+++We’re now up 75 seats and four councils!




From the BBC summary at 18:21 with 149 of 150 councils declared:
Labour 2296 up 55
Tories 1330 down 26
Lib Dems 536 up 75
Greens 39 up 8
UKIP 3 down 123
Others 142 up 11

We have gained control of Richmond, Kingston, Three Rivers and South Cambridgeshire and won the Mayoralty of Watford.

* Paul Walter is a Liberal Democrat activist. He is one of the Liberal Democrat Voice team. He blogs at Liberal Burblings.

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17 Comments

  • We gained 77 seats, Labour gained 77 seats and the Tories lost 93 seats (even after taking 57 off UKIP)

    According to the BBC the Tories were the winners. Can anyone explain?

  • Neil Hickman 4th May '18 - 10:57pm

    Labour’s performance is even more mediocre than it looks, because it includes five gains from the Greens in Norwich. I get the impression sometimes that Norwich Labour Party would far rather spend time attacking the Greens than dirty their hands actually fighting the Tories.

  • Paul Walter..From the Guardian at 10.30 last night…Although it now says LD.75 Labour. 62

    Neil Hickman..From your post it appears that YOU are far more interested in attacking Labour than the Tories…Our result of 75 was fantastic but, if we had gained 62 seats, would that have been ‘mediocre’?

  • Expats
    I sort of agree. The reality is that, on these figures, if there was an election the Conservatives would not be able to form a government. Also younger people tend to be less likely to vote in council elections and that could have a distorting effect as well. Personally, I suspect the election system is hitting a bit of an impasse that might reshape policy as the realisation that a new consensus is taking shape sinks in. The result was encouraging for the Lib Dems.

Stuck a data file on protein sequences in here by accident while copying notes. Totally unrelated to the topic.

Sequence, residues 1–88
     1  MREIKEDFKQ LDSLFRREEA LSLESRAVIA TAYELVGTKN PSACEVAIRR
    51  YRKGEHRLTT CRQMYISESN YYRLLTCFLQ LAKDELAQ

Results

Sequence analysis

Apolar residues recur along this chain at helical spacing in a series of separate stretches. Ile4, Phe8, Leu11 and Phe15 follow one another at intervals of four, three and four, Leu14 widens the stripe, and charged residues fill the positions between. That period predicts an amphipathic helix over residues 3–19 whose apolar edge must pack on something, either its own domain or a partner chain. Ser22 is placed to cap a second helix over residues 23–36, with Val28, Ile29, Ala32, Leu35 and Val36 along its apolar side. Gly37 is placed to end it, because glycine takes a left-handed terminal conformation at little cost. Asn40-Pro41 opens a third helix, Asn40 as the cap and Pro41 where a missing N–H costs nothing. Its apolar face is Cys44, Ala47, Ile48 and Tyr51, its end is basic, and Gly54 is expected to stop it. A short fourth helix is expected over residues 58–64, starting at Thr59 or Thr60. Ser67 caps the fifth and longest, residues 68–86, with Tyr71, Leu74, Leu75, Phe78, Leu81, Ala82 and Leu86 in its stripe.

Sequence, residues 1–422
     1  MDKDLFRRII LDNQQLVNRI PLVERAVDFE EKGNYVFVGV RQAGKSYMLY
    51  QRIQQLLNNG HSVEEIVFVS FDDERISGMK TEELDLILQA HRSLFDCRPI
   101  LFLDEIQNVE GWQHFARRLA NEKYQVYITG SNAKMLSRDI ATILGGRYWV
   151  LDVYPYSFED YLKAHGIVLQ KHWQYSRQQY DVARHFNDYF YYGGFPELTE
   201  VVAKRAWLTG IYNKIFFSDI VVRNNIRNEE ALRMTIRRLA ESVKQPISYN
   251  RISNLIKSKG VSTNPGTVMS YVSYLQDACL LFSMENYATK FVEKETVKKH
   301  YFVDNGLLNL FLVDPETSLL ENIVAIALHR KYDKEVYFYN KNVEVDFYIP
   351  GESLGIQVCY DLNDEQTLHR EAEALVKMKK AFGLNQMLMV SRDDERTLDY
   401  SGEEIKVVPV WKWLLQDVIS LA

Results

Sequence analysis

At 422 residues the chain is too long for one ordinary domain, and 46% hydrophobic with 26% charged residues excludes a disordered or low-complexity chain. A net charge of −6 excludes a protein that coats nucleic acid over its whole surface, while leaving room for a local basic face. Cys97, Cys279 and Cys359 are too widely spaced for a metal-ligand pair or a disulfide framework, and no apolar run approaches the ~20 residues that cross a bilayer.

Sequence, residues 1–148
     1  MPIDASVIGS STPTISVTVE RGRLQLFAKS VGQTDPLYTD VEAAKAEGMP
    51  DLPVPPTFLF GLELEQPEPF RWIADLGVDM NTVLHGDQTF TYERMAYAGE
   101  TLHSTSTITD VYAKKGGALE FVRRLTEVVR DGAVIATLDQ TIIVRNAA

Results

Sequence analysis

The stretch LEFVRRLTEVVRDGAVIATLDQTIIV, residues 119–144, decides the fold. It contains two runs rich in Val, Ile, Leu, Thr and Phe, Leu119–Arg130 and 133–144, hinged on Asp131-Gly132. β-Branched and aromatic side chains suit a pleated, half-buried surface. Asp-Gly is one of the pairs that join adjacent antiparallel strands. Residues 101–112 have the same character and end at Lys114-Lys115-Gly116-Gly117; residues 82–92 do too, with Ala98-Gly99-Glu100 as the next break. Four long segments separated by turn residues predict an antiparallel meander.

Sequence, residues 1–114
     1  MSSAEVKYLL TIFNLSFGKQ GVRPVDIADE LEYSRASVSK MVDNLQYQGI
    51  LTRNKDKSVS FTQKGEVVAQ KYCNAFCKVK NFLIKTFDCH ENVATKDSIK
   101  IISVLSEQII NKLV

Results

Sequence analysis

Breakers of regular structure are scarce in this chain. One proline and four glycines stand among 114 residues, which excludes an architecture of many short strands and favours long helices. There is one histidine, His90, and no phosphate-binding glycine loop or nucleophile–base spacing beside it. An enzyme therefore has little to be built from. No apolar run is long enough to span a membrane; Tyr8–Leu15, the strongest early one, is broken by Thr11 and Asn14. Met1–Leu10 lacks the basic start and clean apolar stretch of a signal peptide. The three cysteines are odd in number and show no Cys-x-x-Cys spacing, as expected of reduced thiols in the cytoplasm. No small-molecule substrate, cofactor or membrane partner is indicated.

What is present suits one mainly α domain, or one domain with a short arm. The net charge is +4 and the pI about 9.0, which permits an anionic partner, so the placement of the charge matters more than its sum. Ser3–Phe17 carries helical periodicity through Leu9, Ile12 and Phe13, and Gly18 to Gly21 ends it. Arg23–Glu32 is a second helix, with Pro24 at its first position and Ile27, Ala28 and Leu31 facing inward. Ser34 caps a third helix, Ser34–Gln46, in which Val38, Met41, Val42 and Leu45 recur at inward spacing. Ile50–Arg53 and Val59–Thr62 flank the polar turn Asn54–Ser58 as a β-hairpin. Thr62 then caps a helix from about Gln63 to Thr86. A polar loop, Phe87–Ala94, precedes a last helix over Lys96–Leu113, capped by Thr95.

• John Roffey 5th May '18 - 9:37am

    @expats: I don’t really want to rain on anyone’s parade – but at about 3.am on Friday [when the Party had gained around 40 seats] somebody calculated that should the same percentage of gains continue – it would take 60 years for the same number of seats to be accumulated as was held prior to 2010 [4500 or 4800?].

    There is no doubt that the Party did the best of all parties in terms of numbers [although I suspect the biggest sighs of relief will be from senior Tories – given the mess that Brexit has become and the Windrush scandal] – however, I am not sure that these gains should be over exaggerated since this could lead to a belief that the Party is truly on its way back.

    Whereas losses, or even just a handful of gains, would have caused some doubt as to whether the Party could be of any significance at parliamentary level in the foreseeable future – it seems to me that the existing strategy [which some might believe has been validated by these results] requires some serious reflection.

  • update….Labour, it seems have gained 77 seats to our 75…We are either both winners or, to use Neil Hickman’s reasoning, both mediocre..

  • Peter Watson 5th May '18 - 9:46am